In the early ’70s, a Detroit singer-songwriter named Sixto Rodriguez released two albums that didn’t sell much, and he promptly faded into extreme obscurity. But those two albums, for whatever reason, went on to become tremendous cult successes in South Africa, and decades later, South African fans set out to find Rodriguez and bring him the spotlight that had never quite settled on him. Searching For Sugar Man, the documentary about the search for Rodriguez, won an Oscar for Best Documentary Feature last year, and Rodriguez went on to find levels of fame that he’d never previously experienced. But now Rodriguez is facing legal challenges, and the director of Searching For Sugar Man is dead. I’m not sure what that says about the unintended consequences of out-of-nowhere success, but it sure seems like it must say something.
Billboard reports that Rodriguez is facing legal challenges over is original recordings and the rights and royalties around them. The whole story is a bit complicated, but it goes something like this: Rodriguez allegedly signed one contract, a songwriter deal, with the Michigan-based company Gomba Music. Later, he signed with the label Interior Music Corp. and released the 1970 album Cold Fact. On that album, the songs are credited to Jesus Rodriguez, Sixto’s brother, who turned out to be a fictional character. So: Rodriguez wrote all those songs himself, but he didn’t have the right to those songs because of that preexisting guy, so he made up another guy who’d supposedly written the songs. That lawsuit already existed, but it wasn’t clear that Rodriguez was a party to the scheme. Now, they’re saying that he was. It’s not quite clear whether this lawsuit is a minor headache or whether it threatens to take everything from him. In any case, it’s not every day that you see someone get sued for writing his own songs. And it’s tough to imagine that Gomba Music would’ve bothered with the lawsuit if Rodriguez wasn’t suddenly famous all these years later.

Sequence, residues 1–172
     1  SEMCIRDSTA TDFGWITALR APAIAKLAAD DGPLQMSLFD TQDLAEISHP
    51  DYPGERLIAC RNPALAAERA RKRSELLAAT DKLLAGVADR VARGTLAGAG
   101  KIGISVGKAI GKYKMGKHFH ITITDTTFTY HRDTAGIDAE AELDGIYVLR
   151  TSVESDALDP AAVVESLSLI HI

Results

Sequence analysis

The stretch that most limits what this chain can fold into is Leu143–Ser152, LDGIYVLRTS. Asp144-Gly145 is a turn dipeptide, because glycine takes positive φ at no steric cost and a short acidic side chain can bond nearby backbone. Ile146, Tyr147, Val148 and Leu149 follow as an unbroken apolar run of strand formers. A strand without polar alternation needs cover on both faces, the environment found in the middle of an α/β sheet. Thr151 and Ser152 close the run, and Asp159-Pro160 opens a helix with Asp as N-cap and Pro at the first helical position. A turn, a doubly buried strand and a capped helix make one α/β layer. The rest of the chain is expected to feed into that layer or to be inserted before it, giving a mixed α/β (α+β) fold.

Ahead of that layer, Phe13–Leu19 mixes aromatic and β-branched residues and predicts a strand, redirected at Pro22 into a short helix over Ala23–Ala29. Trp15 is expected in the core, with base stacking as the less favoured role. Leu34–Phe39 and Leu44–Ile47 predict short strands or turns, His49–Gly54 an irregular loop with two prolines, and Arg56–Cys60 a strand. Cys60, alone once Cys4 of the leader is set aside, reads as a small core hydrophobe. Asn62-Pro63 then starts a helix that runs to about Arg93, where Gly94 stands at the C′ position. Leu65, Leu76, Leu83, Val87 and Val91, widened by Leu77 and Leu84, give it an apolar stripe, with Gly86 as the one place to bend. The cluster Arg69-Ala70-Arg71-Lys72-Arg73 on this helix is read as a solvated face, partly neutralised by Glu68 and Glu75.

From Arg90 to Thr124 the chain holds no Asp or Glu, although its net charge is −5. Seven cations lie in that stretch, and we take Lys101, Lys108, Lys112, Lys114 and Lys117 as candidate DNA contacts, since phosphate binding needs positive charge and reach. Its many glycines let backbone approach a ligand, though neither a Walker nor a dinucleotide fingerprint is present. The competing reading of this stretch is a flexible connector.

Meanwhile, Malik Bendjelloul, the Swedish filmmaker who directed Searching For Sugar Man, committed suicide last month. He was 36. According to Vulture, Sony Pictures Classics co-founder Tom Bernard, whose company distributed the documentary, has speculated that Bendjelloul may have been struggling with the question of how to follow up the movie: “I think he was depressed. He couldn’t find another story. You know, when you get that kind of fame — it wasn’t what he was looking for. It just came so easy. It was the perfect scenario for a movie. Everything happened right. It was the perfect storm. And if you’ve never had that — because he was just sort of a guy who was like, I want to make this story, and he made this story, and it was a perfect interpretation and everything happened right — how do you make that happen again? How do you re-create that?”